Before you launch a firm, a strong business plan can assist you in defining your strategy, seeing potential obstacles, choosing the resources you’ll require, and assessing the sustainability of your concept or expansion plans.
Many founders find benefit in taking the time to step back, investigate their idea and the market they’re aiming to enter, and comprehend the scale and the strategy behind their methods, even though not every successful business debuts with a formal business plan. Writing a business strategy can help with that.
What is a business plan?
A business plan is a document that describes a company, its products or services, how it makes money (or plans to make money), its management and staffing, funding, operational model, and many other crucial information.
A step-by-step guideline on how to write a business plan
Produce an executive summary
The first page of your company strategy is this one. Consider it your elevator speech. A purpose statement, a succinct rundown of the goods or services provided, and a general outline of your financial expansion strategies should all be included.
Even though your investors will read the executive summary first, it may be simpler to write it last. This will enable you to underline important details when you write more in-depth parts in subsequent sections.
Describe your business
The next section is a description of your business, which needs to include details like:
- Your company’s official name.
- Location address for your company.
- The titles of the company’s important players.
Be careful to showcase any special abilities or technical know-how that individuals of your team possess.
Your company description should also specify the legal form of your firm, such as a sole proprietorship, partnership, or corporation, as well as the percentage of ownership and level of involvement that each owner has in the business.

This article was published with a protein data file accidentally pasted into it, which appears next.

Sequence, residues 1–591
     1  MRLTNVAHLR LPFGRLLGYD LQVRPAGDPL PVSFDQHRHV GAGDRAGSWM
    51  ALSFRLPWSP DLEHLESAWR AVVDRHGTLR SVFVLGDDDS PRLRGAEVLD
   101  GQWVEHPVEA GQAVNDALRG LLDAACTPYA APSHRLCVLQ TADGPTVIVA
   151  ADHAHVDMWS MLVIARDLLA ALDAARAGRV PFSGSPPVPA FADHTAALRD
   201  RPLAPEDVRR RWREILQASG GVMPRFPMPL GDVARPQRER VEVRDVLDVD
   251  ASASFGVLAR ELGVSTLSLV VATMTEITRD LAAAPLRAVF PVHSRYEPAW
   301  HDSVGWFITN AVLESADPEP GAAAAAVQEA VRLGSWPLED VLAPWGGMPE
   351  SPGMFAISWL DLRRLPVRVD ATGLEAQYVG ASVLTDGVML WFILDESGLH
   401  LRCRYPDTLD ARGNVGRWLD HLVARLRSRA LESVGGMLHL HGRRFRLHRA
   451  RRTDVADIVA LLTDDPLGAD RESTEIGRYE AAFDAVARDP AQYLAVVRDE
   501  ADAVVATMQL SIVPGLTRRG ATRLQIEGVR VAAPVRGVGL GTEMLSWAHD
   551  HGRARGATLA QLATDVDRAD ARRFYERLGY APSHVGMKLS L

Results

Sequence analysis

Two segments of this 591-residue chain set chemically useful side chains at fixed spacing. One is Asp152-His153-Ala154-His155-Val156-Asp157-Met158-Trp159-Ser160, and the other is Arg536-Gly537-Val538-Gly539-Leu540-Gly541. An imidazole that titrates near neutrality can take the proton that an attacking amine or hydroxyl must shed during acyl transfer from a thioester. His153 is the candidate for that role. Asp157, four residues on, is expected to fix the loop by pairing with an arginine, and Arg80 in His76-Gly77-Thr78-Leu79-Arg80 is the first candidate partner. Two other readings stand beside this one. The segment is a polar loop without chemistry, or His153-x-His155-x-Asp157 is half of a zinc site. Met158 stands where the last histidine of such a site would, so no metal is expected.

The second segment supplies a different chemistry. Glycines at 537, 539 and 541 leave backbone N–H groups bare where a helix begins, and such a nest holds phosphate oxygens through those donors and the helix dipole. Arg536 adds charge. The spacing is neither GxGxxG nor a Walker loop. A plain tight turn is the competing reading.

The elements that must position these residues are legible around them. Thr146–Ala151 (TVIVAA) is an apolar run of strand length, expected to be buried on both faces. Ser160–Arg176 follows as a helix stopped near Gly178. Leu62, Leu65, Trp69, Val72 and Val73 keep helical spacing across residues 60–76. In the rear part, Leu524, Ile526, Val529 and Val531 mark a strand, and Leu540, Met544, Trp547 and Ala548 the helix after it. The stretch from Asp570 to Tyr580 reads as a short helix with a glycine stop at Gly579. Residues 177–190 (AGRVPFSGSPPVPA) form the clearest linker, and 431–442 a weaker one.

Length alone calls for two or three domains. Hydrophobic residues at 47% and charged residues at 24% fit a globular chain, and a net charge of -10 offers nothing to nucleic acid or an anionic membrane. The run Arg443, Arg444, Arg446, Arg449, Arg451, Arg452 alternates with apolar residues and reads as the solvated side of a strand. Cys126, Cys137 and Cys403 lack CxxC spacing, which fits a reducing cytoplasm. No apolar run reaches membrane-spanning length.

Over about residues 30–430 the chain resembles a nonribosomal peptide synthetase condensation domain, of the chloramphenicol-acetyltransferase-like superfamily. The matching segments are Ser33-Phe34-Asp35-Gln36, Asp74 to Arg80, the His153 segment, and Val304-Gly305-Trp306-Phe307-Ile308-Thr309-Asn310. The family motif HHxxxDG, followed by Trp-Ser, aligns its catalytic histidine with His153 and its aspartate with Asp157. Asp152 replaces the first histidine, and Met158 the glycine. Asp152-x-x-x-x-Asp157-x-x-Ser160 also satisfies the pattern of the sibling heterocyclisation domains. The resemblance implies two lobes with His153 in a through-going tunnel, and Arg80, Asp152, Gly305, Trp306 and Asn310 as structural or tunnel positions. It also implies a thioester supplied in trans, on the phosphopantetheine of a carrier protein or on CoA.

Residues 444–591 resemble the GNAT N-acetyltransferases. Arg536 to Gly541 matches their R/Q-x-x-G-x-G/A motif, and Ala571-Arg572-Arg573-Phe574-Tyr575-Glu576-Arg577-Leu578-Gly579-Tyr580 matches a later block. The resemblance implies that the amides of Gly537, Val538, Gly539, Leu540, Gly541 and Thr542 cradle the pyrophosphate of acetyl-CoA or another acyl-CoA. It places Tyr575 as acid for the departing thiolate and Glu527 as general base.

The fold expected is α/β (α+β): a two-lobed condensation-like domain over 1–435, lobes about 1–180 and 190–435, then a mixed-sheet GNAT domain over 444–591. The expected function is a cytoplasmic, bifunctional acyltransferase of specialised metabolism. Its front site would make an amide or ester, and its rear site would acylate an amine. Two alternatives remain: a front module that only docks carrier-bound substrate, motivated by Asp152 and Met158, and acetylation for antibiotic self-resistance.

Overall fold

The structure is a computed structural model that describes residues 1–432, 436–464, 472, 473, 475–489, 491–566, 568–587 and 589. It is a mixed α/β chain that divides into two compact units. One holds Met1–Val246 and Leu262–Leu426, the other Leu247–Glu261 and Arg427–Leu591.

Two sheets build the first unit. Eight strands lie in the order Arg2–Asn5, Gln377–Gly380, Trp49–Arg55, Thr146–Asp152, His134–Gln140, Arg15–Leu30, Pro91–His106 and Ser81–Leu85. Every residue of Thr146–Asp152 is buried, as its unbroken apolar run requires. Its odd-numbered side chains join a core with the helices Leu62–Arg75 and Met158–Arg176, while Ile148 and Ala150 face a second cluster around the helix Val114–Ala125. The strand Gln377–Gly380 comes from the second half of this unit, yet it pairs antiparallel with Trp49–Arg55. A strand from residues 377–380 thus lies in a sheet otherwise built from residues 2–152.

The history of your firm and the current state of your industry should also be included. This gets the reader ready to read about your objectives in the following section.
Outline your company goals
An objective statement comes in third place in a business strategy. The goals you have for the short term as well as the long term are clearly stated in this area.
This section can be used to justify your need for the money, how the finance will help your business grow, and how you intend to meet your growth objectives if you’re asking for a business loan or outside investment. The idea is to clearly explain the opportunity being offered and how the loan or investment would help your business expand. If your company is launching a new product line, for instance, you might describe how the loan would help your business introduce the new range of products and how much you anticipate sales will rise over the following three years as a result.
Describe the goods and services you offer
Give specifics about the goods or services you provide or intend to provide in this section. You ought to incorporate the following:
- A description of how your service or product operates.
- Your product or service’s pricing structure.
- The average clients you deal with.
- Your order fulfilment and supply chain strategy.
- Your sales approach.
- Your plan for dissemination.
- You can also talk about the trademarks and patents that are connected to your goods or services, either registered or pending.